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Photo ©: Schaaf

Tour de France News for July 18, 2003

Edited by Chris Henry

Flecha hits his target

By Gabriella Ekström in Toulouse

Juan Antonio Flecha
Photo: © Olympia

With the patron teams of the Tour tired and reluctant to chase, a nine man break could finally ride clear in the strong head winds on the road to Toulouse. Among the riders sat Stuart O'Grady, short of a stage win so far, and hungry to win at his home away from home, Toulouse. But iBanesto.com rider Juan Antonio Flecha, who became known for his aggressive riding style when he started his career with the Fuenlabrada team, had no desire to come into the airport runway in Toulouse together with the Australian champion.

"I knew the last part of the stage very well, because my girlfriend Lourdes lives in Toulouse, and I often visit her here. I had a strong desire to win today, and knew that I had to continue to attack if I wanted to win. My victory today comes from the heart, because for every meter I rode in the break, I got closer to her."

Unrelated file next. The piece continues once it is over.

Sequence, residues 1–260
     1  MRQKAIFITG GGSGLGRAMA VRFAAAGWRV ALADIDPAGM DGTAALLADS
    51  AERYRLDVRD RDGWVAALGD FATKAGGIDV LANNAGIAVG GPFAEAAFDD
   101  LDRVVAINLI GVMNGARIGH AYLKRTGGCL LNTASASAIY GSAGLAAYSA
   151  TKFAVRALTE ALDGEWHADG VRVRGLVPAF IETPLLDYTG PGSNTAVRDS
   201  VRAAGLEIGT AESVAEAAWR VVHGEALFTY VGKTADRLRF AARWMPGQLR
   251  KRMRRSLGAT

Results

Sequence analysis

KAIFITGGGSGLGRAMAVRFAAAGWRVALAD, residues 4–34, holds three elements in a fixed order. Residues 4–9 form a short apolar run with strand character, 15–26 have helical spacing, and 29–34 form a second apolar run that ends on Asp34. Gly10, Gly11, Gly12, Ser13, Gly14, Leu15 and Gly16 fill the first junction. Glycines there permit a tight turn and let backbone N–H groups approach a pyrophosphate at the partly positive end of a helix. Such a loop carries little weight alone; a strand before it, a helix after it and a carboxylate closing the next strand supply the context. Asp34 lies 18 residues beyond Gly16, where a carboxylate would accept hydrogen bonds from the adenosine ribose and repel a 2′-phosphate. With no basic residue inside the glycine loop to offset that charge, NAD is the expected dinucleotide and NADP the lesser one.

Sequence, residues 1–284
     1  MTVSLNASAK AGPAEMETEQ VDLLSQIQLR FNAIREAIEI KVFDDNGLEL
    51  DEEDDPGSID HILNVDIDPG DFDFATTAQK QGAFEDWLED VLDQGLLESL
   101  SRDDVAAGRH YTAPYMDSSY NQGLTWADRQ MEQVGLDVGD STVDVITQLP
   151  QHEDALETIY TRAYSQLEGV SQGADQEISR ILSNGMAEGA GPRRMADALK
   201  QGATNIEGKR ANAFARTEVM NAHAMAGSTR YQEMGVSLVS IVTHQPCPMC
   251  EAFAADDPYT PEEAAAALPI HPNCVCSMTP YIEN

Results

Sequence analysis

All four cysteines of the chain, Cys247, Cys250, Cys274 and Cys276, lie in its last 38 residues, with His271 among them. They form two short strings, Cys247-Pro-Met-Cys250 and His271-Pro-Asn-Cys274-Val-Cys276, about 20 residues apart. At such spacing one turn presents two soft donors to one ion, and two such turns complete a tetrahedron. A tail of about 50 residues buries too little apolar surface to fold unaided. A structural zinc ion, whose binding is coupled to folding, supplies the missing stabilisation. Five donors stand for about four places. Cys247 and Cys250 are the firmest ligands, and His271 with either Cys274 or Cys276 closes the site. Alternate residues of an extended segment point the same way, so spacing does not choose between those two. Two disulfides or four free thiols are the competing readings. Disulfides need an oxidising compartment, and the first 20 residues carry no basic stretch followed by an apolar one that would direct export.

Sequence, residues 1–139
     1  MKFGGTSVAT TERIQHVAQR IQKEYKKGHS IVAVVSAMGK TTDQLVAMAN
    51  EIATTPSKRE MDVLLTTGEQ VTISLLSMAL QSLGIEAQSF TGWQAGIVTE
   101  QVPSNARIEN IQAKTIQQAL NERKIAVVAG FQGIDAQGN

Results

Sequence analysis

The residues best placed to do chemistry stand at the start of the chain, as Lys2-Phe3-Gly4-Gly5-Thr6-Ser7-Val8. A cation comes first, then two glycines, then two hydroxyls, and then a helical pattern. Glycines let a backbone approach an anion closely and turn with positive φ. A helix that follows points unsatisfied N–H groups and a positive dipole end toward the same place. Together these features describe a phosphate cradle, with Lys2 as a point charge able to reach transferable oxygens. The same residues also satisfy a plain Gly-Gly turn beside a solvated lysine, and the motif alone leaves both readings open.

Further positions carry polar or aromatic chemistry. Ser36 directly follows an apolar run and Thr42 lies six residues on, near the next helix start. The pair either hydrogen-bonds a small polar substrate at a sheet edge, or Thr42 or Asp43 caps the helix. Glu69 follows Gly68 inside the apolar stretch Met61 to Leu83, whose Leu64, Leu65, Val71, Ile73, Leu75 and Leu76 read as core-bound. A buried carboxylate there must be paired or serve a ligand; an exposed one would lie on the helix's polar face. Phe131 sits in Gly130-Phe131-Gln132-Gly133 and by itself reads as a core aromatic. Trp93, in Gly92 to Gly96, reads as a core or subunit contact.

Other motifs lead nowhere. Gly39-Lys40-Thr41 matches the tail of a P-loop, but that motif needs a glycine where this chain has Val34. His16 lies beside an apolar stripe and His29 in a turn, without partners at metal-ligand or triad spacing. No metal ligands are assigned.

Approaching the line, Flecha sat up and looked behind, and when he saw that he wouldn't be caught he reached behind his back and picked up an arrow. With a smile of satisfaction he aimed and shot. "My name Flecha means arrow, and I picked up that gesture after my friend made a pun about my name," he said. "I used it for the first time when I won the Vuelta Aragón, and after that I haven't had an opportunity to do it again. I really enjoyed doing it today, and I think and hope that my friend saw it on TV."

See the full interview here

Stage 11 quotes

Robbie McEwen (Lotto-Domo, 2nd points classification)

"I had a puncture and after that I didn't have good legs anymore. It was impossible to bring the break back... who won anyway?"

Belgian TV1: "Flecha."